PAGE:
8. Once you’ve created your directory and opened it in the dialog box, click the Save button (you don’t have to worry about filling in the filename field).
  9. Now ripping will begin and you should see a screen like this:
    Eac ripping progress.gif
  10. EAC will take longer than many other ripping programs (because it's being more accurate) so sit back, grab a beer and wait. If you run into a track that is generating errors (shown by red dots in the Error Correction box) that EAC is getting really stuck on, you can try going into your Drive Options and turning C2 Error Correction On (if supported by your drive). Make sure that you listen to track after its ripped to ensure that there is no audio problems. If the problem persists then you may have to Skip the track and try to find another copy of it.
  11. Once extraction is finished you should see something like this:
    Eac ripping finished.gif
    This screen doesn’t tell you much about your rip except that its finished. Click OK.
  12. The next screen that comes up tells you a little more. The important line here is “No errors occurred”. Disregard the Track Quality line for each track, you can still achieve an accurate rip even if the quality of the rip is below 100%.
    Eac ripping finished status.gif
    If errors have occurred you can see which tracks generated them by scrolling up through the list. If you wish to save this screen as a log to use for step 14, press the "Create Log" button.
  13. If you have AccurateRip setup (see EACInstall) and this CD is recognized by the program you may see an AccurateRip screen. The number in brackets next to each track shows the number of other people who have had identical rips to your own. If there is an inconsistency between your rip and others rips you will see it here. Personally, I don’t tend to worry too much if a small number of people disagree with my rip… if the number is large then its time to consider cleaning and re-ripping the CD.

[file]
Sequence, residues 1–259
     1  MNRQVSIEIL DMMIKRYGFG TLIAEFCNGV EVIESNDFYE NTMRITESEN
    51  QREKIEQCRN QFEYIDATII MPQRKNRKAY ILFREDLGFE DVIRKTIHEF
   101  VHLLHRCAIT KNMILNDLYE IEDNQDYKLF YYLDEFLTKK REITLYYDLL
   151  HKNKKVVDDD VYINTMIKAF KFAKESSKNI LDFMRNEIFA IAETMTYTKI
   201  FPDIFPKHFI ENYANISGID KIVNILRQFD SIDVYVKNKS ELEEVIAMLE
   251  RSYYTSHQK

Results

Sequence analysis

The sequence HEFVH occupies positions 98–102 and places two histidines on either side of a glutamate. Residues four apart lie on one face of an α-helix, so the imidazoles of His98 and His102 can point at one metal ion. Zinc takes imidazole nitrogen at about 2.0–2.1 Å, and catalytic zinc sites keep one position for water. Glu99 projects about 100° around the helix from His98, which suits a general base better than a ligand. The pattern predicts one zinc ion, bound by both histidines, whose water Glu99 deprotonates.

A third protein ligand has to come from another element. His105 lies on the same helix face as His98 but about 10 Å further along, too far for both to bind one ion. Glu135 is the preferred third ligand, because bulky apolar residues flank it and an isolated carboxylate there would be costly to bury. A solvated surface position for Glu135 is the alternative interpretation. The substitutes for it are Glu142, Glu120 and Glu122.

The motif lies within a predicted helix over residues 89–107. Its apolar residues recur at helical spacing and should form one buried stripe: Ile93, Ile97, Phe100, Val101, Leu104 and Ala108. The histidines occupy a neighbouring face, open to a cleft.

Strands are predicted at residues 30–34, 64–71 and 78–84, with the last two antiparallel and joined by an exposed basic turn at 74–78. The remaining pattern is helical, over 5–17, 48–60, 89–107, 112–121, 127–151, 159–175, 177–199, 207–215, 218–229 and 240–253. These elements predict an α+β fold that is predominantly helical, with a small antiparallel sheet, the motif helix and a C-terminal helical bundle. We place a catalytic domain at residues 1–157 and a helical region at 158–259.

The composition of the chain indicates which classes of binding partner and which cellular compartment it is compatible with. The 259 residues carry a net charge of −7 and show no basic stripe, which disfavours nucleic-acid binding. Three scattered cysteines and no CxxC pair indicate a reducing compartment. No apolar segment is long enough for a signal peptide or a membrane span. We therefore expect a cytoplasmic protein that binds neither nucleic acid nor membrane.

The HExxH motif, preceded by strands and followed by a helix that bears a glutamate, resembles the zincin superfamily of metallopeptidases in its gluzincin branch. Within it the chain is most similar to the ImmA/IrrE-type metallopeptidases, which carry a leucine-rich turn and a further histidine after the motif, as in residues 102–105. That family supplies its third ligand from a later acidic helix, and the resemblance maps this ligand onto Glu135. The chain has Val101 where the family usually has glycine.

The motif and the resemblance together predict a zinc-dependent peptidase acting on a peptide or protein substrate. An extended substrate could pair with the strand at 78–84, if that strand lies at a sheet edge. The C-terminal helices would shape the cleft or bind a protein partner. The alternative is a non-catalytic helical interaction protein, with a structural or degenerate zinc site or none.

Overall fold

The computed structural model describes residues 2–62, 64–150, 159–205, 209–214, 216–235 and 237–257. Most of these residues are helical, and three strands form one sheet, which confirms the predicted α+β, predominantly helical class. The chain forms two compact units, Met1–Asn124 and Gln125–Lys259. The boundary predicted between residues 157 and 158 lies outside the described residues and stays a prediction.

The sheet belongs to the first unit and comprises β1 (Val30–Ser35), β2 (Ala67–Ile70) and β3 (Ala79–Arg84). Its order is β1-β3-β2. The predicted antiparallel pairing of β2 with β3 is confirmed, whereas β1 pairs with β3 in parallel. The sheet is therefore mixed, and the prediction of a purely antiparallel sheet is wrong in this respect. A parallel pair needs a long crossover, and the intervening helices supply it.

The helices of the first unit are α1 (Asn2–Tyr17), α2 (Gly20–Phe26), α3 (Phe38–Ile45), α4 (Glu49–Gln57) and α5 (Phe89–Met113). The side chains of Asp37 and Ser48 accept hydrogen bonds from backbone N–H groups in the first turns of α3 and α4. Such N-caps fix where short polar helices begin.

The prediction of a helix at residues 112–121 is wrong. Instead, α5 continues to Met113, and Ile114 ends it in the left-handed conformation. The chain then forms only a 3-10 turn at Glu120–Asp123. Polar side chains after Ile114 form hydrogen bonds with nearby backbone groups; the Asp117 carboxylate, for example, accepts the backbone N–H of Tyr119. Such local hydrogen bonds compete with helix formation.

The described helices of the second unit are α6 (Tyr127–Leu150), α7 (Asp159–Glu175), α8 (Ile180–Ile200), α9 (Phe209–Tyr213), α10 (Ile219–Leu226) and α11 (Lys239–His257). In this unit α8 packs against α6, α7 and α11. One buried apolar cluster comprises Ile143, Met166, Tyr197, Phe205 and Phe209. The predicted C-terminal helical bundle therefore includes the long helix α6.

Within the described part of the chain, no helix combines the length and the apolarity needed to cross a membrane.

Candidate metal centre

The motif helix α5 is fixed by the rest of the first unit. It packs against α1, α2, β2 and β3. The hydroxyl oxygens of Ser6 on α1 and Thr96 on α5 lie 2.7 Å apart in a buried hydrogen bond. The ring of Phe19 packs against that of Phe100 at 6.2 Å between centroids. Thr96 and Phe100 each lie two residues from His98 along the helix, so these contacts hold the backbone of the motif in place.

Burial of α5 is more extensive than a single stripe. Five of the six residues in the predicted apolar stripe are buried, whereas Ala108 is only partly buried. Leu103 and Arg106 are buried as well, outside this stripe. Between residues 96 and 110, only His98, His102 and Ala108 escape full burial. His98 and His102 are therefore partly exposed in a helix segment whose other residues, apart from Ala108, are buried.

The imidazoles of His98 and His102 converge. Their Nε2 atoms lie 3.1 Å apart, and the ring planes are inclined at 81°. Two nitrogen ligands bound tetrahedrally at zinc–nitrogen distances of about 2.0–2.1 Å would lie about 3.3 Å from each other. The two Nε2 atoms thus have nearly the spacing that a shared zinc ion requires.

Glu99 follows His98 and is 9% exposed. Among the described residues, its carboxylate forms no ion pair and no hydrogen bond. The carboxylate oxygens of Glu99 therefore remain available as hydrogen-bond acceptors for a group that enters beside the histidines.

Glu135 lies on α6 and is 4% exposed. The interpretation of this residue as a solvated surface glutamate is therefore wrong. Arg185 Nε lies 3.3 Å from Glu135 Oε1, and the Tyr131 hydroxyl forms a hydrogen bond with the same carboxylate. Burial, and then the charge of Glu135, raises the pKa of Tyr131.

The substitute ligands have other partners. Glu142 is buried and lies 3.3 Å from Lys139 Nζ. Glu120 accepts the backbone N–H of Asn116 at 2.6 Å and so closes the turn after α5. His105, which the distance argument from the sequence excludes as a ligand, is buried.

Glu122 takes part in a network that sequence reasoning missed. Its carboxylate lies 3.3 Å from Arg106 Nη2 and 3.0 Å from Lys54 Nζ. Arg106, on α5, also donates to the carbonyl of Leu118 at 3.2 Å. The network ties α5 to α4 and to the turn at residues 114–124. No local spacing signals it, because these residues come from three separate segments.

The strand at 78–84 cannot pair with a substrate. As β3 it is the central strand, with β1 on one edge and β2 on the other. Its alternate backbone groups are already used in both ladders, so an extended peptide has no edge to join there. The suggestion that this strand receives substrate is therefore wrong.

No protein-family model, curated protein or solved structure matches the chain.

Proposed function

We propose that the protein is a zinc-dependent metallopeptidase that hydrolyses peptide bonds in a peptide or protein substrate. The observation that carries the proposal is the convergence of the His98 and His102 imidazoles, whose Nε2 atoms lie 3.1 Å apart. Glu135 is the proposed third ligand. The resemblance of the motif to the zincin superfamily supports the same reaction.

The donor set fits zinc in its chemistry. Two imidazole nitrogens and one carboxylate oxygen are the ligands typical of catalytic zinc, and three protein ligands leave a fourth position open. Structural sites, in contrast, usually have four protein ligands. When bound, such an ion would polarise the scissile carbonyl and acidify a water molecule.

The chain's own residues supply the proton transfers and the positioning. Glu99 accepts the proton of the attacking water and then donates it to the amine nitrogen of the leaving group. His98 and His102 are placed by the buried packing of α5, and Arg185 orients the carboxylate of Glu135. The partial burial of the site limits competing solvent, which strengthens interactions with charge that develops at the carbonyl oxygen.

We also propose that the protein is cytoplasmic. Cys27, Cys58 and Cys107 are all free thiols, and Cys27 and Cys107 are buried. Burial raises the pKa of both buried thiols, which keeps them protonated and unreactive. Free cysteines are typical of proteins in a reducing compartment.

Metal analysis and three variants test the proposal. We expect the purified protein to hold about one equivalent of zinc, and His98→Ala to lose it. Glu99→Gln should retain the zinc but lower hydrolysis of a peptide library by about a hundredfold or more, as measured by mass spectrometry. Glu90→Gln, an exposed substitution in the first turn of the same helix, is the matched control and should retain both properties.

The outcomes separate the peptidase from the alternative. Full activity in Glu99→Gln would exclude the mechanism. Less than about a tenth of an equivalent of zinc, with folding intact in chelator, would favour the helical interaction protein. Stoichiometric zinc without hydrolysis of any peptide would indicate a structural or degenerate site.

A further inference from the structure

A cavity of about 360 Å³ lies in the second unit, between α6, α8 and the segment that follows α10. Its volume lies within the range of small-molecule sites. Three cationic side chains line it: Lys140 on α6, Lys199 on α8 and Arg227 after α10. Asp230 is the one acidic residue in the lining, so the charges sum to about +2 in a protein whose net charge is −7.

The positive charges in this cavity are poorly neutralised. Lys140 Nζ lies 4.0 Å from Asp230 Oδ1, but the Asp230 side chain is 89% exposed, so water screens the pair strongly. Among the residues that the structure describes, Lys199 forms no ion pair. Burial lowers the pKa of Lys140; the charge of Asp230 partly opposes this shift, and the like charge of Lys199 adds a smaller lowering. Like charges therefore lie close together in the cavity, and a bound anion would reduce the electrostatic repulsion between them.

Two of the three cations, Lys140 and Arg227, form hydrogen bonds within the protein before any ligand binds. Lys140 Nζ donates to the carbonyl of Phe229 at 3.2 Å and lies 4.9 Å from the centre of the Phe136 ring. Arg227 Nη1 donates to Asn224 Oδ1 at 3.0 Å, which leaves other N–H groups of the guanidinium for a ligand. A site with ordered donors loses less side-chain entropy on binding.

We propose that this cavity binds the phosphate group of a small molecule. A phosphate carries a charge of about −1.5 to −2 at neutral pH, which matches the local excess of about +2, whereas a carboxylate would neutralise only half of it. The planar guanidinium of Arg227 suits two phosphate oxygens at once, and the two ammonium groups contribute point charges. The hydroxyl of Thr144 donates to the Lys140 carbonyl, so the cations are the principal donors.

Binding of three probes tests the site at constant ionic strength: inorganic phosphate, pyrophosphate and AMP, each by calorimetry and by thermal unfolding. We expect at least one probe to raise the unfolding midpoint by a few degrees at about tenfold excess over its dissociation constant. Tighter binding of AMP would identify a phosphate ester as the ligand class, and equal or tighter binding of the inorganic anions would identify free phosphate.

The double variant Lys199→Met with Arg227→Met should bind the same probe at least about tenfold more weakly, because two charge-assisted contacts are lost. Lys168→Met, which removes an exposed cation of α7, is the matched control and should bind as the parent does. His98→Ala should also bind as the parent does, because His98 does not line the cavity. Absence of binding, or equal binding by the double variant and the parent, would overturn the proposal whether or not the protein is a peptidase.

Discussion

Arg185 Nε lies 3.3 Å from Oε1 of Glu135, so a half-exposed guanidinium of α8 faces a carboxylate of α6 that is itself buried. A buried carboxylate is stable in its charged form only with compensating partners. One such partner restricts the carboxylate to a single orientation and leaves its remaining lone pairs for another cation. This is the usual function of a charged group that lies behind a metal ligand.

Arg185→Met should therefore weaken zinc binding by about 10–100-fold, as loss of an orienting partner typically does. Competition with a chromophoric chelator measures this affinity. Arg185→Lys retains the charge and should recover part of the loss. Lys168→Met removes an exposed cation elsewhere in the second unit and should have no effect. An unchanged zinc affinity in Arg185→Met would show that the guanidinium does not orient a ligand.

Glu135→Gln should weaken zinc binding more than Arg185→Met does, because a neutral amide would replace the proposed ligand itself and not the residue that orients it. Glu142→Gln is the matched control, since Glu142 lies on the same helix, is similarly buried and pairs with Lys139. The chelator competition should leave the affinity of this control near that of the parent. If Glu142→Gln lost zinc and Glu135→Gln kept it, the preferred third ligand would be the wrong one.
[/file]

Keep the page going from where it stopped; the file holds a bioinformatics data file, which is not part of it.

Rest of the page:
14. If there were errors, listen to the tracks at the error positions noted by EAC. Use headphones so you can very precisely listen to the track for ticks, clicks, pops or dropouts. 95% of the time you will probably not notice any errors. 4% of the time you may hear a slight tick in one channel. 1% of the time you may experience a dropout.
  15. If there were audible errors or if you're determined to get an accurate rip no matter how long it takes, you may wish to use a CD repair kit. But first, hold the disc up to a light. If you can see light through scratches and specs in the aluminum layer, you cannot repair those sections. Re-rip those tracks in WAV and use EAC's glitch and pop removal tools. If the aluminum layer is intact, the glitches are caused by scratches. You will probably be able to guess which scratches are causing the errors. A CD is read from the centre to the edge, so from this you can guess where each track is located, and a defect causing an audible error will almost always be visible. On many older discs, you can see the data itself, visible as a dull area - it may not go right to the edge. See here for more information.
  16. Re-rip the repaired tracks (possibly with C2 Error Correction On, see step 17 of the EAC Install Guide for more info). 95% of the time the track will re-rip without errors. 5% of the time the errors will be reduced. It's very rare to have an audible artifact remain, but if it does, re-rip the track in WAV and use EAC's glitch and pop removal tools.

Congratulations! You can now rip as many CDs as you wish by using the same method!

If you are interested in adding ReplayGain (basically making all your tracks play at the same volume) go on to step three Adding ReplayGain using Foobar2000